Learn how inclusivity can be integrated into instructional design and learning communities. Additionally, learn what framework questions need to be asked when developing your inclusive approach.
- In the case of online learning, we're rapidly becoming one large virtual community. People from different countries, cultures, generations and genders are connecting for the first time and learning from each other. The learning happens not only from having access to content, but from the sharing of the content between learners. By creating spaces that include all voices, we're shaping the future of education to reflect the global population. This grants people pathways to education that might not have it otherwise. So, how can you as a person who creates, and maybe even delivers, the online learning experience consider all the people who might be seeking out what you have to offer. Before we dive into that question, let's make sure we're on the same page about some learning terminology. First, Instructional Design in its simplest form is the creation of learning experiences and materials. As designers, we determine and organize the chunks of instruction, figure out ways to make it digestible, and perhaps, interactive to engage the learner. Next, Inclusive Design creates a blueprint for products with the full range of human diversity in mind. The idea is that by including and learning from people with diverse perspectives, we enrich experiences, strengthen our connections, and develop more user-friendly products. Combining these two definitions and approaches, Inclusive Instructional Design, or IID, applies methods to design learning content and experiences for people with a range of perspectives and learning needs. Now, just to be clear, you may be familiar with the term Universal Design for Learning, or UDL, which is a framework that aims to give all students an equal learning opportunity. The difference between UDL and IID is that Universal Design attempts to design for everyone and Instructional Inclusive Design attempts to adapt the learning experiences to reach the full range of a potential audience. So now, let's return to the question of how to consider a potential audience by going through this next activity. Please feel free to pause the video in-between each question to write down your responses. First, who are the learners you are currently reaching? Define your audience by writing down three characteristics of this learner. Next, who are you not reaching that you want to include? Write down three characteristics of this potential learner. Finally, think about how you can reach the people you are not reaching. What actions could you take at this very moment to design for them? Write down three steps to support the characteristics of a potential learner you identified. By answering these questions, you're starting to shape your vision of your potential reach and also ways you could potentially design for this wider audience. Listen, I realize including everyone in your course or training can be overwhelming and seemingly impossible. The most important step is to focus on the audience you want to expand to. It may be small at first, but as you design and then stretch your reach, I guarantee, the more your learning community will grow.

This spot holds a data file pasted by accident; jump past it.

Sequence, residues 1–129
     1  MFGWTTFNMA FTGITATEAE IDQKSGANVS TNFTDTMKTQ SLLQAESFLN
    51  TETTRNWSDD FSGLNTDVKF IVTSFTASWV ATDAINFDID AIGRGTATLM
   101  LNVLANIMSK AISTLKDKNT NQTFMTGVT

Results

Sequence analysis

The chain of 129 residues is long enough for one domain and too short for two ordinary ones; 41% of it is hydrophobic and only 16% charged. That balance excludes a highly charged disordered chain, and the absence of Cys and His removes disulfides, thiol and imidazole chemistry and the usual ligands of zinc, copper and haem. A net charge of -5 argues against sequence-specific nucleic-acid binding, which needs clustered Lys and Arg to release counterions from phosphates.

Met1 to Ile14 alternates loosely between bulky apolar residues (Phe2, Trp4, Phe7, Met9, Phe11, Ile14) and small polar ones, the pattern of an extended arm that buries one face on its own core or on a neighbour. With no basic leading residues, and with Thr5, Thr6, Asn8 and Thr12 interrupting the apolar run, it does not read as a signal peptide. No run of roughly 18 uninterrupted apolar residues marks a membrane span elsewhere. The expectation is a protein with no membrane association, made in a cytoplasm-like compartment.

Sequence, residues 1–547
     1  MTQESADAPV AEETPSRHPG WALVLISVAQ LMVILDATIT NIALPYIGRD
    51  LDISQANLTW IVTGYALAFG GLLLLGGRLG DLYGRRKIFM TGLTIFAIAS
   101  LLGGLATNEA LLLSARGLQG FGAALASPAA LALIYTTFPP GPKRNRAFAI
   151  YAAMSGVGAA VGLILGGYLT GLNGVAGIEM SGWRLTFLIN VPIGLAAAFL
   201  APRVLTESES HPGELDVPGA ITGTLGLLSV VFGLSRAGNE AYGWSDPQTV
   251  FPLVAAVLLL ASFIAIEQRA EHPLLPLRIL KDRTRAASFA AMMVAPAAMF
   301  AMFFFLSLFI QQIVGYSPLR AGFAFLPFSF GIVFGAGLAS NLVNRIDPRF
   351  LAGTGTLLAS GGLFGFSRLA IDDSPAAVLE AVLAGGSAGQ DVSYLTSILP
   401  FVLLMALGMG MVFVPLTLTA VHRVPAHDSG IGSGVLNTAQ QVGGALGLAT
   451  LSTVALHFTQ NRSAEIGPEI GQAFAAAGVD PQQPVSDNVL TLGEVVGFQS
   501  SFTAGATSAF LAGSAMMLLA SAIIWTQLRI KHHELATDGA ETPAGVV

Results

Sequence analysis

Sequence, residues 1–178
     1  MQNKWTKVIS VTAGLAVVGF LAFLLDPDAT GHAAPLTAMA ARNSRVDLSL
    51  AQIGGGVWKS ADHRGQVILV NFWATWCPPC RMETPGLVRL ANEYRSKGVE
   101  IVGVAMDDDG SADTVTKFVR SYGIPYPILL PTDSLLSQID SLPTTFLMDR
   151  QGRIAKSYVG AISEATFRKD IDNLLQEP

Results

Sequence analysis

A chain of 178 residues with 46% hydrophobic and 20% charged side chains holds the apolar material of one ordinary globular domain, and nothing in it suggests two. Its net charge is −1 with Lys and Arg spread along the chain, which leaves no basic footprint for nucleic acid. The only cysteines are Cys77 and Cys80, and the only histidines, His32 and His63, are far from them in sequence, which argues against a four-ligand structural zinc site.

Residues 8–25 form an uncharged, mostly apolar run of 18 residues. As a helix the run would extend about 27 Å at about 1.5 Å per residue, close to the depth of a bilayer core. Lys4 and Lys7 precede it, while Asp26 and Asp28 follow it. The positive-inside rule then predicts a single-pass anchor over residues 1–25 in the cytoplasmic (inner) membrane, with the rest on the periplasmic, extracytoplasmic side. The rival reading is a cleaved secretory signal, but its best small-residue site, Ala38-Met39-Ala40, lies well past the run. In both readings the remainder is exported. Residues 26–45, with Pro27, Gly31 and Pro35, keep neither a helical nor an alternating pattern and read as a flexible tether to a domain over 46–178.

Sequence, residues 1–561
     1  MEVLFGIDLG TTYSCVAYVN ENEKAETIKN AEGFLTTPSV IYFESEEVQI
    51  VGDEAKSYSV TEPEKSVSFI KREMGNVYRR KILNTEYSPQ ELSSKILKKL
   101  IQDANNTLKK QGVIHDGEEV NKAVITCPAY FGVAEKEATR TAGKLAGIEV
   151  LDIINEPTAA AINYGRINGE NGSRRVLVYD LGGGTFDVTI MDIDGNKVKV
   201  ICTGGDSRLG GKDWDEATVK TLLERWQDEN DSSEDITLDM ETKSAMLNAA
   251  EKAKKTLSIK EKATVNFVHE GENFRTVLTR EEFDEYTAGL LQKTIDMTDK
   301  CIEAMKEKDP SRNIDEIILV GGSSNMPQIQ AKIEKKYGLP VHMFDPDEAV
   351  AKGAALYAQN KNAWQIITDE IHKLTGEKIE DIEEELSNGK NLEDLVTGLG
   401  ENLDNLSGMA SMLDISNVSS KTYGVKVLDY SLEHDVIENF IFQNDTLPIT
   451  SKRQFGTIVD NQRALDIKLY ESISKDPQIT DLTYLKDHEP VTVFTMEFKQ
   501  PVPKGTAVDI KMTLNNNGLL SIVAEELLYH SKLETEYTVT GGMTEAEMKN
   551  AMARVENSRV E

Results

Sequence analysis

- Designing for a global reach
- Addressing the digital divide
- Using inclusive language
- Designing for diverse cultures and multiple generations
- Creating content for various learning styles
- Building learning communities
- Accessibility for differently abled learners
- Using learning analytics to assess your goals